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UC Library Search Help

The UC Library Search help guide.

Search Tips & Tricks

A keyword search may result in either too many or too few results. Here are a few tips and tricks to narrow down or expand your search using Boolean operators, quotation marks, and truncation.

Boolean Operators

OR, AND, and NOT

OR, AND, and NOT are tools you can use to combine different keywords and concepts to create a more effective search. They must be typed in all capital letters. 

OR

OR connects terms with the same or similar meanings. This increases search results. 

For example: teen OR teenager OR adolescent OR young adult 

Searching this combination means that every result will contain at least one of those terms (but does not have to contain all of them - any will do).

 

Venn diagram showing search of ants OR diet

The Venn diagram above illustrates the search results for ants OR diet in yellow.


AND

AND focuses and narrows search results by connecting concepts together. For example, when searching for resources about immigration laws in California, you could search:

immigration AND law AND California

Searching this combination means that every result must contain all three words.

 

Venn diagram of overlap of ants AND diet

The Venn diagram above illustrates the search results for ants AND diet in green.


NOT

NOT removes terms from search results.  For example: when searching for resources on cloning but not of sheep:

cloning NOT sheep

Searching this combination means that every result will have "cloning" but none will contain "sheep."

Be careful when using NOT, as it is easy to remove relevant search results! For example, if we search for cats NOT dogs, we will not see any resources on cats that also happen to mention dogs, even if they are mostly feline-focused.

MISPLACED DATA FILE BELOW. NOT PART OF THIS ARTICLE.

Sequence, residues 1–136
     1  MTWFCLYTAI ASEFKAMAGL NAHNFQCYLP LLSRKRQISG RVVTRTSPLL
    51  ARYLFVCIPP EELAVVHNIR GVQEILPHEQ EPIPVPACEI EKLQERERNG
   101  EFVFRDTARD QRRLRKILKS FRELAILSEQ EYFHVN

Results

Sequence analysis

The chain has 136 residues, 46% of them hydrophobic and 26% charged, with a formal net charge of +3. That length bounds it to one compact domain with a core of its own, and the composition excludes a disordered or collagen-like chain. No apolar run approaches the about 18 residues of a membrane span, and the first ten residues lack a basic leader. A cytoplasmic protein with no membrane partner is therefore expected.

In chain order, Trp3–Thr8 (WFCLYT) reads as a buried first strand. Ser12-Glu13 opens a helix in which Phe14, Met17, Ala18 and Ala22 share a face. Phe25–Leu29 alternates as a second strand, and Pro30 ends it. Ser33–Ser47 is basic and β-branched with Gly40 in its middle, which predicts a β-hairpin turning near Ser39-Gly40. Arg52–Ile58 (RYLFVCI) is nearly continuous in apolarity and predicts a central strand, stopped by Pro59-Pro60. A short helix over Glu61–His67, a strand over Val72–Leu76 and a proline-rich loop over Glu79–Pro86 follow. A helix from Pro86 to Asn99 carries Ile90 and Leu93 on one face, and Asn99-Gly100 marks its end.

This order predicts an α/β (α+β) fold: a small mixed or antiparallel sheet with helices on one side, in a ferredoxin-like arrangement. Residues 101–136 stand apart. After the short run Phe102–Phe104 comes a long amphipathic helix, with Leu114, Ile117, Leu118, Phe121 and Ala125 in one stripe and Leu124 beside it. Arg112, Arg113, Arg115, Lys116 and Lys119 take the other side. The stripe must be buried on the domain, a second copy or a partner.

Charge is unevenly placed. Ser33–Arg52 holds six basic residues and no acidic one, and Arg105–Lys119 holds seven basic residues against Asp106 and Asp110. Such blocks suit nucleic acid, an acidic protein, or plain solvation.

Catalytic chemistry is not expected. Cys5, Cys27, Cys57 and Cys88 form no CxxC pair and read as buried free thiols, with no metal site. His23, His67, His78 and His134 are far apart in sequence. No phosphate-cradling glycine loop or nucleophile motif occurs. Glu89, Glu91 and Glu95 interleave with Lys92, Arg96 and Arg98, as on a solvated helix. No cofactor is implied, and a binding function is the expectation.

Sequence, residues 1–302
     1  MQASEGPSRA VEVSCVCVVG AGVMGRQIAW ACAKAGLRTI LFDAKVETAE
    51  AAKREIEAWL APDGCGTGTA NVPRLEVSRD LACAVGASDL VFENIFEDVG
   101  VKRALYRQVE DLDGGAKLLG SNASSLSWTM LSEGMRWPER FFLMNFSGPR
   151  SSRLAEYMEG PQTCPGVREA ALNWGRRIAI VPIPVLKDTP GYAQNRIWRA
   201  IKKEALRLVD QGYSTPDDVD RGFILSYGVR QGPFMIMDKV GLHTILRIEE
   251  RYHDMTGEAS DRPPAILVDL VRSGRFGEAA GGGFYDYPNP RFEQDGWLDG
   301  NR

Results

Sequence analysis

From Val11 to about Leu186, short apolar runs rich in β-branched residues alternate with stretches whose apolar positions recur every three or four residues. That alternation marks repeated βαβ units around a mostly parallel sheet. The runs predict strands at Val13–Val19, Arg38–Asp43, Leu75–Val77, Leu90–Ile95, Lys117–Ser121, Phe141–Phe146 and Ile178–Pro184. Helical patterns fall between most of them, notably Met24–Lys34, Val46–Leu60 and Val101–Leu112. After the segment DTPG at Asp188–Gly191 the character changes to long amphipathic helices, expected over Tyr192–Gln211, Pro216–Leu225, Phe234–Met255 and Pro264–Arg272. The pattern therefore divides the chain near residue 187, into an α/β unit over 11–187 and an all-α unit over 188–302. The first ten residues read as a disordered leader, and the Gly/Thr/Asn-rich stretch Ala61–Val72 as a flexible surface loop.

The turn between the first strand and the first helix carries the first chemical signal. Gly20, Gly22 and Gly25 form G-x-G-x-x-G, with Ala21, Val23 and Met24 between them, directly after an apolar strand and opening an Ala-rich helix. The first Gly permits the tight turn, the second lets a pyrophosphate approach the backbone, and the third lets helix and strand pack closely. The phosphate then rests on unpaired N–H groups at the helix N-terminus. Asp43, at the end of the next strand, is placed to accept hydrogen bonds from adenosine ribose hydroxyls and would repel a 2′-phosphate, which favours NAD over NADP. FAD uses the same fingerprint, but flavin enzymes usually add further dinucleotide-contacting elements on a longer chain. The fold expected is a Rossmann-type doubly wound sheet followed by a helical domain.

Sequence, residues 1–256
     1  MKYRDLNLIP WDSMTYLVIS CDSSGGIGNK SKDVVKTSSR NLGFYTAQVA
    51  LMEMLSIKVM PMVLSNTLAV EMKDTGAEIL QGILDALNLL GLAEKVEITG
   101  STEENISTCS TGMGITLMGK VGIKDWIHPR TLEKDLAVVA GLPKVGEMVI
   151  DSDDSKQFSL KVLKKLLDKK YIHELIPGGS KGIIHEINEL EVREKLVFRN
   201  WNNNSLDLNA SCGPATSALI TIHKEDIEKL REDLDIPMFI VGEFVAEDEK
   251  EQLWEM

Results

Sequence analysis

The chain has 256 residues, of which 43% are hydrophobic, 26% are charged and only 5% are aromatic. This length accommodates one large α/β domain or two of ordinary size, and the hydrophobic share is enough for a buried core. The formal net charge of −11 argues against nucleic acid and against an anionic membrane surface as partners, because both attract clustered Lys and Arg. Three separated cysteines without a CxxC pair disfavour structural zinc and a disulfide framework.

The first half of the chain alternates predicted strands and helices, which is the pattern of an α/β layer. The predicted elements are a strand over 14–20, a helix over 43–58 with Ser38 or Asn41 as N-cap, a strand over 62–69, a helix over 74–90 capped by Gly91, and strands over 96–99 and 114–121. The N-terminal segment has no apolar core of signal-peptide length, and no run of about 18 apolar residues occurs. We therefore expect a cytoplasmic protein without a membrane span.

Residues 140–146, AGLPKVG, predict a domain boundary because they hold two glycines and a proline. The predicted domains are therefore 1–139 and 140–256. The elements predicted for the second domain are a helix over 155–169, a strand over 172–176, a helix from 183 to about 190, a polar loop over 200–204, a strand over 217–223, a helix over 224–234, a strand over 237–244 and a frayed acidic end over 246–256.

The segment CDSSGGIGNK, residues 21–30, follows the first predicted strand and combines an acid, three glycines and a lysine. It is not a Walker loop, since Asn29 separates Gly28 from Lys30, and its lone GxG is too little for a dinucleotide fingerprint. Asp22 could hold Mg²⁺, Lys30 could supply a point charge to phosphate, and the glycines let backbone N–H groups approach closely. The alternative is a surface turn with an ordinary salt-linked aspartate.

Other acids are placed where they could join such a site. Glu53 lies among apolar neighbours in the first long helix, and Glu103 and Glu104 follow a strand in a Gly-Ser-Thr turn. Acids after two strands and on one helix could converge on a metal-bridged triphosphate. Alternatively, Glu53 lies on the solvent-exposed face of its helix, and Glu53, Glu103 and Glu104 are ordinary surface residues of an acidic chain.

Venn diagram showing search of ants NOT diet

The Venn diagram above illustrates the search results for ants NOT diet in blue.

Get Specific with Quotation Marks

Use quotation marks around a pair (or group) of words to search it as a phrase. Without the quotes the words will be treated like an AND search. For example:

first generation college student - searches for any result that has all four of those words, not necessarily in that order

"first generation college student" - searches for any result that has all four of those words in that exact order

Expand Results with Truncation

Truncation is a great way to search for similar words at the same time. When you want to search for words that begin with the same series of letters, where any ending would be relevant to what you’re looking for, use the asterisk (*), which is the truncation symbol or wildcard character.  For example:

               immigra* - searches for immigration, immigrant, immigrants, and immigrating

The asterisk can be used only at the end of a word. Be careful about words that begin with the same string of letters but are not related to your topic.  For example:

               polic* - searches for policy and policies but also police and policing

Instead, use only the terms you’d like UC Library Search to look for, such as:

               Policy OR policies